Synopses & Reviews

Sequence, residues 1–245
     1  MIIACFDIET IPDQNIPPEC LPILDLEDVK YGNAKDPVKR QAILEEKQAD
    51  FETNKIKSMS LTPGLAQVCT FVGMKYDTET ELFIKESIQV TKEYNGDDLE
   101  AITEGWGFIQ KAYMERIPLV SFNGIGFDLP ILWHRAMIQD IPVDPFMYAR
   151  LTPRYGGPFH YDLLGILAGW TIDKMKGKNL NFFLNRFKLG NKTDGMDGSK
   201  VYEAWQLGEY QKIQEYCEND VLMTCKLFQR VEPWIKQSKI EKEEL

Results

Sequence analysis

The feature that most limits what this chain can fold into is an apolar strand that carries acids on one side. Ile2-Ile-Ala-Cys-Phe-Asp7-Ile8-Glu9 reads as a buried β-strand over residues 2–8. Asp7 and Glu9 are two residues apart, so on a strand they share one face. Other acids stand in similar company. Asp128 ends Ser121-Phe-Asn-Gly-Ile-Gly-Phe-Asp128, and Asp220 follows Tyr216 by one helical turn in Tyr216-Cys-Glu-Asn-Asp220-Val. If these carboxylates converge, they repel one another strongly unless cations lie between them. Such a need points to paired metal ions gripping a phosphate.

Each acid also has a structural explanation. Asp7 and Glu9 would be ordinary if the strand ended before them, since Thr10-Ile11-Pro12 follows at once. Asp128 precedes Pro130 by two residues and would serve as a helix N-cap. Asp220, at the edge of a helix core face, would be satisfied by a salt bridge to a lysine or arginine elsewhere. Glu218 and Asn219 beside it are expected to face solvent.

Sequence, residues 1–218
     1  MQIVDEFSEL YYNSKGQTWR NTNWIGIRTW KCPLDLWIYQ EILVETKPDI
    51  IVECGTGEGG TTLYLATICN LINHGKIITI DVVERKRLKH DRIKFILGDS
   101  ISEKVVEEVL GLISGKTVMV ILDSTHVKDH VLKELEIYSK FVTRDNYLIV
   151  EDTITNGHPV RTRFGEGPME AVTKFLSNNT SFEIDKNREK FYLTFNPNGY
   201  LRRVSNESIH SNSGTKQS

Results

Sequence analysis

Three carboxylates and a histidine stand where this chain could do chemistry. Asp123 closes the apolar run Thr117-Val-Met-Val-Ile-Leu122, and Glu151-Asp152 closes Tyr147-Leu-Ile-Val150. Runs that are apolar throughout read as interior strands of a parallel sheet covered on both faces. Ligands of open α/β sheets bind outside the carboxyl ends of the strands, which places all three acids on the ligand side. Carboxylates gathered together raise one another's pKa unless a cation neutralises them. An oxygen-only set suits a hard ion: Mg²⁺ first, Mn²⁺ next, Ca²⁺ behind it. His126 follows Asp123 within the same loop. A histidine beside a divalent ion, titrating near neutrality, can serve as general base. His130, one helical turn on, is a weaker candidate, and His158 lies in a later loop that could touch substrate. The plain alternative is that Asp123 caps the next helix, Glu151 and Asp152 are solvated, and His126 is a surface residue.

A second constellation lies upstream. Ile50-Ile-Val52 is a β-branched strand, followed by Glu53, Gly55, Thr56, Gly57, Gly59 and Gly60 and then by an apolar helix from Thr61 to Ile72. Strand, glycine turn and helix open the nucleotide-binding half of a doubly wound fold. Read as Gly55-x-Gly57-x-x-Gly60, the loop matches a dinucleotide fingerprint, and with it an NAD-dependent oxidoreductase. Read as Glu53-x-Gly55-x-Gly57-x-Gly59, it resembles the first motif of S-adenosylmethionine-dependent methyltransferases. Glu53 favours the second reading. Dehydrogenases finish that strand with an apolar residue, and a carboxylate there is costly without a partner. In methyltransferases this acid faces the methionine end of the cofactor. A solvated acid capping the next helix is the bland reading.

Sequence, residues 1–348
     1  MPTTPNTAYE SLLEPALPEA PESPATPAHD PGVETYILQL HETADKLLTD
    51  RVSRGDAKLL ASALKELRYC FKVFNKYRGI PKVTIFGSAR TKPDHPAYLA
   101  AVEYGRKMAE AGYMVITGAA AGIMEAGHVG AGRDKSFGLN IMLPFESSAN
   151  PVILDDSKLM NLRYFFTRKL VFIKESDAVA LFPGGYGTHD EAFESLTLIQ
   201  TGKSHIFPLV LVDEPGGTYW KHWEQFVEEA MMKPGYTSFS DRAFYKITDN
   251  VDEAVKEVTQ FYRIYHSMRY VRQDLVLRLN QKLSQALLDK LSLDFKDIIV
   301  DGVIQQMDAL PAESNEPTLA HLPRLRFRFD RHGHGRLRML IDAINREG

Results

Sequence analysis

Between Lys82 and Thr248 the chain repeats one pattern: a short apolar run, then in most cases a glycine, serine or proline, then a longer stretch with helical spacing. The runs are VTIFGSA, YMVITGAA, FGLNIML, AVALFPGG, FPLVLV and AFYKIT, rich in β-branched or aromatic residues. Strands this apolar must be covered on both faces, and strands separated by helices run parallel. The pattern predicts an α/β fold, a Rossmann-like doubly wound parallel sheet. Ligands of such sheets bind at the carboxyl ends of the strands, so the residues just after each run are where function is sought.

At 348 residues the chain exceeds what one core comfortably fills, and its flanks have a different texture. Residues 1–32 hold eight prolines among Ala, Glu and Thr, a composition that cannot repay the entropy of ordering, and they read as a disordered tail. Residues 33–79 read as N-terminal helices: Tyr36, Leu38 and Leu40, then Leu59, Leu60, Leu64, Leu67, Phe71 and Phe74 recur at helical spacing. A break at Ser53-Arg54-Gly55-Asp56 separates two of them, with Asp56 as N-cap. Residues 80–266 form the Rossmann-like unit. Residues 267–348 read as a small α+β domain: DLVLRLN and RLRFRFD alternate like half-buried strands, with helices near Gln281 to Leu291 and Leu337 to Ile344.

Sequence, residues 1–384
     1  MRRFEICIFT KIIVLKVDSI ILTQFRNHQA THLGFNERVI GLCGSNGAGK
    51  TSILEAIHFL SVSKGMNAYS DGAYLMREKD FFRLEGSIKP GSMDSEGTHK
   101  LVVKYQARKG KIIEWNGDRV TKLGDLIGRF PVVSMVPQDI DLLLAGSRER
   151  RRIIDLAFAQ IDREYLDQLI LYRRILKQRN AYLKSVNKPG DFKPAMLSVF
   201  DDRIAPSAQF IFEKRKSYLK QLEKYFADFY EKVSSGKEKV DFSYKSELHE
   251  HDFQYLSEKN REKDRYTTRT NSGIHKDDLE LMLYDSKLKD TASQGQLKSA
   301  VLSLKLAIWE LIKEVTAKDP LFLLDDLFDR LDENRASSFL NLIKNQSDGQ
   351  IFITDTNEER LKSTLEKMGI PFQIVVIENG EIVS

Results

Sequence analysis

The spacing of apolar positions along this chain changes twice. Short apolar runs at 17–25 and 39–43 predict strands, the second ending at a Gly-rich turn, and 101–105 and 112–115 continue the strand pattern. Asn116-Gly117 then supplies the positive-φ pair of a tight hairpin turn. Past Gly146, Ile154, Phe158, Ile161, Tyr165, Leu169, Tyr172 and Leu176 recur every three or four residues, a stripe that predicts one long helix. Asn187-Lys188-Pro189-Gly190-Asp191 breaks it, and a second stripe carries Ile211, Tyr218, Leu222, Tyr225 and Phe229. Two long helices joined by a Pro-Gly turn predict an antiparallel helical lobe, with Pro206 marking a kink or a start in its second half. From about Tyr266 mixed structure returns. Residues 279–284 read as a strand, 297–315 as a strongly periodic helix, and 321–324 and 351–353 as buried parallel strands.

Life in the Time of Oil examines the Chad-Cameroon Petroleum Development and Pipeline Project--a partnership between global oil companies, the World Bank, and the Chadian government that was an ambitious scheme to reduce poverty in one of the poorest countries on the African continent. Key to the project was the development of a marginal set of oilfields that had only recently attracted the interest of global oil companies who were pressed to expand operations in the context of declining reserves. Drawing on more than a decade of work in Chad, Lori Leonard shows how environmental standards, grievance mechanisms, community consultation sessions, and other model policies smoothed the way for oil production, but ultimately contributed to the unraveling of the project. Leonard offers a nuanced account of the effects of the project on everyday life and the local ecology of the oilfield region as she explores the resulting tangle of ethics, expectations, and effects of oil as development.